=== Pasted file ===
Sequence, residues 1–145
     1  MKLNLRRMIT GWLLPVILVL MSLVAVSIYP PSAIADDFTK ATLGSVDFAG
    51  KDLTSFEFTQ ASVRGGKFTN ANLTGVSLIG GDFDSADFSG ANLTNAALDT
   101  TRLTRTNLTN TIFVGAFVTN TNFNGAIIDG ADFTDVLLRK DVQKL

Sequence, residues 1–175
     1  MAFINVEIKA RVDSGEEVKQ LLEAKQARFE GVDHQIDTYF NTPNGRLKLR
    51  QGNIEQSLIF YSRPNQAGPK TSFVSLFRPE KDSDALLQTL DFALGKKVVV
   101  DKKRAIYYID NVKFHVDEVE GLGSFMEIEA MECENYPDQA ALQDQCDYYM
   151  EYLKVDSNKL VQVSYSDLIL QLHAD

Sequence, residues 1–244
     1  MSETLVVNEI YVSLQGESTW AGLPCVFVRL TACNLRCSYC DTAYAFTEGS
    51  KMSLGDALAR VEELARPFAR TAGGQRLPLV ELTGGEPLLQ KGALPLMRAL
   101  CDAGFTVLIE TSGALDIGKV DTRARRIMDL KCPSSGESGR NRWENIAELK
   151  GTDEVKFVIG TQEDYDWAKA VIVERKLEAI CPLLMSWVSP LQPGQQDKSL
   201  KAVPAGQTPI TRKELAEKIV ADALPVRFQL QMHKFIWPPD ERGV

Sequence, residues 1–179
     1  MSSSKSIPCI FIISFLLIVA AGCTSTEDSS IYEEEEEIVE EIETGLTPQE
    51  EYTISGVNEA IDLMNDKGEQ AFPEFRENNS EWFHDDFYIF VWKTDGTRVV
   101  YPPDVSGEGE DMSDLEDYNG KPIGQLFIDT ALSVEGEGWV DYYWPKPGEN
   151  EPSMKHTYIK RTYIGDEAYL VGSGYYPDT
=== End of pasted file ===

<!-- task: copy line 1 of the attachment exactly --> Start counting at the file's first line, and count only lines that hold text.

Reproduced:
Sequence, residues 1–145